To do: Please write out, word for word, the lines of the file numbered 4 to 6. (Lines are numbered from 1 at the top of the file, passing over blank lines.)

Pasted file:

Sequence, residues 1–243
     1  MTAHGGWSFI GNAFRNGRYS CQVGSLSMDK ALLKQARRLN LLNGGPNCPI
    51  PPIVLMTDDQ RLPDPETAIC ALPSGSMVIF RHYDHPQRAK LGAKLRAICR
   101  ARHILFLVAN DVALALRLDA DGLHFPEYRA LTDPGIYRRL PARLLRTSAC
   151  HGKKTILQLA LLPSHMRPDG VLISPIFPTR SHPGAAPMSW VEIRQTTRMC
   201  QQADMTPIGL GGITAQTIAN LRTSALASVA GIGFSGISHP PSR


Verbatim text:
   101  ARHILFLVAN DVALALRLDA DGLHFPEYRA LTDPGIYRRL PARLLRTSAC
   151  HGKKTILQLA LLPSHMRPDG VLISPIFPTR SHPGAAPMSW VEIRQTTRMC
   201  QQADMTPIGL GGITAQTIAN LRTSALASVA GIGFSGISHP PSR